Today Margaret and I watched three and a half movies. The first was Sweeney Todd, only the first half-hour, since the disc was too damaged to play entirely. We thought that the movie would be quite perfect for the day, since it was rainy and uncomfortable outside and having been gone since Saturday morning at a wedding outside of the city, the thought of the pull out couch, Chinese food and a sweatshirt couldn’t have been more appealing.

The second movie we put in was Michael Clayton, and even though I was napping during the 10 minute scene in which one of the main characters was murdered, I found it to be a solid movie. The third movie on the agenda was 21 grams, of which I had no idea what it was about, nor did I expect a jigsaw puzzle of a story which finally connected three strangers after a series of sad, raw and twisted events. After two thrillers and an Spiderman intermission we settled on a comedy, Run Fatboy Run.

The main character was an “un-fit”middle-aged man, Dennis, who couldn’t quite seem to be able to get it together. To win the respect and favor of the woman who he left on his wedding day (pregnant), he declares that he will run a marathon which is only three weeks away. Although I am not running a marathon or trying to win favor or respect, I have been running for thirty minutes once or twice a week, and I am finally back at yoga, sweating for 90 minutes and calling it detox.

It’s amazing that something like Bikram yoga, which is about as uncomfortable as the weather today, could make someone feel good but it really does. The first class I took this month was absolutely brutal. I felt weak, pathetic and frumpy. But after a few classes, I began to win back some of the progress I had made in the earlier winter months of this year. When describing it to some people, I feel as though I do have to defend the investment of my resources in Bikram, like someone who got into one of those pyramid schemes. And although it’s 90 minutes long, and when I do go I’m never home before 9:30pm, I like just really like it. I also enjoy the instructors, mostly because of their “talks” at the end of class when we are all lying, flat and dehydrated, while we listen about determination and discipline like kindergarten kids winding down for nap time after a firefighter or policeman’s lesson on safety.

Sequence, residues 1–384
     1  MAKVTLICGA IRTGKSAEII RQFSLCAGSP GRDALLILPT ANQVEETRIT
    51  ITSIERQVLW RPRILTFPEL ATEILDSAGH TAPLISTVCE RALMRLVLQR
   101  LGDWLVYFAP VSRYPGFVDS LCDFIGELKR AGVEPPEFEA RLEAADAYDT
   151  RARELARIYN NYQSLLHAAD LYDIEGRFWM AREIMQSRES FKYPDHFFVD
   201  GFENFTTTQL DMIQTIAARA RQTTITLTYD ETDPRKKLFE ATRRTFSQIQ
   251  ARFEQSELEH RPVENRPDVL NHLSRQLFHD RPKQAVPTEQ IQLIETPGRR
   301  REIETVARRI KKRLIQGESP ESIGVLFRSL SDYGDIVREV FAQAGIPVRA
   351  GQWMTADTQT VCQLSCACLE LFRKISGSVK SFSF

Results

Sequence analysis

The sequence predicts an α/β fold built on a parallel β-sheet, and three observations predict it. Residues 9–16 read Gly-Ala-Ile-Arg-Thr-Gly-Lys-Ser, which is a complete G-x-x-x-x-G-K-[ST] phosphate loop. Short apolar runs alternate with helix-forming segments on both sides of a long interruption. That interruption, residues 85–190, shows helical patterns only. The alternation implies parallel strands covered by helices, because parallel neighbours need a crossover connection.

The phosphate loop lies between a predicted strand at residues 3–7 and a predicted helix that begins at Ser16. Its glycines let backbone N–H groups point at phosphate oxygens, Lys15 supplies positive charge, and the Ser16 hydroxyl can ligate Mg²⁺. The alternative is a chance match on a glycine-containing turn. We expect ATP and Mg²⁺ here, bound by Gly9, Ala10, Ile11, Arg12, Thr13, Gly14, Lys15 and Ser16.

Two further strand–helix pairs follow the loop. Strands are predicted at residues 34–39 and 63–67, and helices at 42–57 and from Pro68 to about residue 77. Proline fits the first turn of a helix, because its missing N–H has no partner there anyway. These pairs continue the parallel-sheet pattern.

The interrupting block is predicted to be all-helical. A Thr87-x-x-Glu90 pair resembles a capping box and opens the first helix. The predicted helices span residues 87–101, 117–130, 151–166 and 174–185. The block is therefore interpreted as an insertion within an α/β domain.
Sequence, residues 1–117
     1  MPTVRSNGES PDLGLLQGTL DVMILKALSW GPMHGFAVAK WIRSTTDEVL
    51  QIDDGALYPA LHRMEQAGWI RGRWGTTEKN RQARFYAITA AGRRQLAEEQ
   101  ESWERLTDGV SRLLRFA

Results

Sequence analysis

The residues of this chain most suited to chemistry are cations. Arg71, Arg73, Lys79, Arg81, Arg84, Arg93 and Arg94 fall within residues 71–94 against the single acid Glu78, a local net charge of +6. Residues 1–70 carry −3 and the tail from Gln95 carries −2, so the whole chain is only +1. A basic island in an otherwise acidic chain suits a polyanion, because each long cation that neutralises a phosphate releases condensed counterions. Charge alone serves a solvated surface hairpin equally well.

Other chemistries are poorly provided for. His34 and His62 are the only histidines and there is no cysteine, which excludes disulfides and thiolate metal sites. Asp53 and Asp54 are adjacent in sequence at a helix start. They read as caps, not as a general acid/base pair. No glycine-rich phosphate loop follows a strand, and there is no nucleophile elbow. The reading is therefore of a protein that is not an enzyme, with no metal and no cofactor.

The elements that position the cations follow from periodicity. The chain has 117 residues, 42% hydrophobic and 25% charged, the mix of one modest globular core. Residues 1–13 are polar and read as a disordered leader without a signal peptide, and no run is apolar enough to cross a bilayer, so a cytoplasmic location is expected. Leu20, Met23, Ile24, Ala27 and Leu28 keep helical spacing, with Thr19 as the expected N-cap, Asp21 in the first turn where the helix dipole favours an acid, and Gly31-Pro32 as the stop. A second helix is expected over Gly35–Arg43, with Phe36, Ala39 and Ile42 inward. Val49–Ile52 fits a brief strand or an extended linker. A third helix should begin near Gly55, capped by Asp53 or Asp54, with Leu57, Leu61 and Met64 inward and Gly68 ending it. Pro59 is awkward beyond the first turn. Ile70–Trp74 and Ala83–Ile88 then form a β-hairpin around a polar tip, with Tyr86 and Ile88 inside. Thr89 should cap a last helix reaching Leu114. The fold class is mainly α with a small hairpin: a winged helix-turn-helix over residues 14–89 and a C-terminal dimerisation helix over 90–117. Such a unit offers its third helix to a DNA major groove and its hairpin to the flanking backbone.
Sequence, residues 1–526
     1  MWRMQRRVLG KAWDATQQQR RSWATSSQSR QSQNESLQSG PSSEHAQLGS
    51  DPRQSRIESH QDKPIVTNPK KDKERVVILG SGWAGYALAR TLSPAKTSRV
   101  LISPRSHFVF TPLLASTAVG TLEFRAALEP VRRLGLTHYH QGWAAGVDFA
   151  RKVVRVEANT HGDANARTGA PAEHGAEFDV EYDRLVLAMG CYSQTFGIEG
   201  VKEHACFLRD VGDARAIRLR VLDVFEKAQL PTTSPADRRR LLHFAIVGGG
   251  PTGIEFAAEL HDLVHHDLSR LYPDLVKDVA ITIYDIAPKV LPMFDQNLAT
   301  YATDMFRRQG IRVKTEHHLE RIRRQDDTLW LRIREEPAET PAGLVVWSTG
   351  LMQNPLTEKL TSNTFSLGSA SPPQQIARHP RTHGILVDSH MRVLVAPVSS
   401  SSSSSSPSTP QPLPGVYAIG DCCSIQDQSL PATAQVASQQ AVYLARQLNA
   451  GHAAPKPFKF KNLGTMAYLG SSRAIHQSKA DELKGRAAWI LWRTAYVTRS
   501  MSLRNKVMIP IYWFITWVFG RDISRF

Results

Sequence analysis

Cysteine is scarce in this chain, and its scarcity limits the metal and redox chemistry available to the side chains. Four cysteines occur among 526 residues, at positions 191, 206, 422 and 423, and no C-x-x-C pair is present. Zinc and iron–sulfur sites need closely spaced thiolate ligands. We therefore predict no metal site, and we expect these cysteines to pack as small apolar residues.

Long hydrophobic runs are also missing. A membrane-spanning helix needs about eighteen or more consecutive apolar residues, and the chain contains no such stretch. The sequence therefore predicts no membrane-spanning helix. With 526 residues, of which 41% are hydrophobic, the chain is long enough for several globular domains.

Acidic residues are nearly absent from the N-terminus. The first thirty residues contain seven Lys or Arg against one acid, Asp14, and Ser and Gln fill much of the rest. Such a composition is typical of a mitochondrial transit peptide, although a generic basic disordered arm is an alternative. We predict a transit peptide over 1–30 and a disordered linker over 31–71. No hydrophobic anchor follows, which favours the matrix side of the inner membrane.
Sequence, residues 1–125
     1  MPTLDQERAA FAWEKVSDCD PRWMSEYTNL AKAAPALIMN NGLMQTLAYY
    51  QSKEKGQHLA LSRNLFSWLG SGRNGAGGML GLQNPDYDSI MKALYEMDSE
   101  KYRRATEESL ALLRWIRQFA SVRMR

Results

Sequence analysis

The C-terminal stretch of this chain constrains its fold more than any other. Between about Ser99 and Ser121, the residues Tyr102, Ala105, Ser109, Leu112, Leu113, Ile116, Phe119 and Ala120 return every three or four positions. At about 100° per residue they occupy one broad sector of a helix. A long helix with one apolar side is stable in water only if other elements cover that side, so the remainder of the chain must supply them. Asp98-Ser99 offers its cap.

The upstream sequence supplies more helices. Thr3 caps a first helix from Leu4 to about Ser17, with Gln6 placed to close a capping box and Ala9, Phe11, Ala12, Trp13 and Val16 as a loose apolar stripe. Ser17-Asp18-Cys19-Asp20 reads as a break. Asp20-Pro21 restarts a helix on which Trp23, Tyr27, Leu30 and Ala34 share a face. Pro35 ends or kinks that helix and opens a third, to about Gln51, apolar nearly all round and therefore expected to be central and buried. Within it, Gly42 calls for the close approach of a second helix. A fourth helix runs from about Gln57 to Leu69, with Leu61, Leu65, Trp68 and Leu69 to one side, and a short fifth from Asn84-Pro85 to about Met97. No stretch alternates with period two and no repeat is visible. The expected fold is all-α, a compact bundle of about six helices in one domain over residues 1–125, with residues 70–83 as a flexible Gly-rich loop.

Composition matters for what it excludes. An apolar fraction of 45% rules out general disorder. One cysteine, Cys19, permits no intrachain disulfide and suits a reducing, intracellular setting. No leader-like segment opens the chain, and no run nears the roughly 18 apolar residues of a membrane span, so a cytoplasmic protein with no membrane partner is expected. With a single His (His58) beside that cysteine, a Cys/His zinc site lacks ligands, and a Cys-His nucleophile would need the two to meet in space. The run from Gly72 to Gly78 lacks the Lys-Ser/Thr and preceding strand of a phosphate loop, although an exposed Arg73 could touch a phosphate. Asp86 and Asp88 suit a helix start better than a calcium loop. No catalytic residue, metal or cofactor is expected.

The other day he was explaining the notion of coming to terms with yourself and “giving back” something that wasn’t helping you. His example was his mother’s habitual “you must finish you plate” mentality as that contributed to his unhealthy food habits. My friend and co-worker recently came back from a spa seminar in Utah, where she participated in an awareness hike and buried something that she wanted to leave behind in the Utah mountains. Lately I’ve been hearing a lot the “rid yourself” scenarios. Next time I’m lying flat on the yoga mat, hopefully Tuesday, I’ll anticipate another healing mental exercise which might dangle self-satisfaction just ahead of my reach and shine a spotlight on it. It’s not that I’m not a believer in the mind’s wondrous and unforseen powers, I just believe that hard work might get you there too. Wherever there is.

At times, I feel like the un-fit-middle-aged Dennis, who wants so desperately to triumph in such little time. After all I’ve grown up in a time when immediate results are expected, as in Michael Phelps one-minute commercial on learning the Chinese language through Rosetta Stone. After two weeks of yoga and more than a month of twice-weekly 6:30 runs all of my pants are still too tight (even my safety pair that always fit), I still love french fries, salt and bacon (not together), and still need to take a breather after walking up and down five flights of stairs in 10 minutes and possibly eating a banana afterwards to avoid leg cramps. As always, I have a few more miles to run.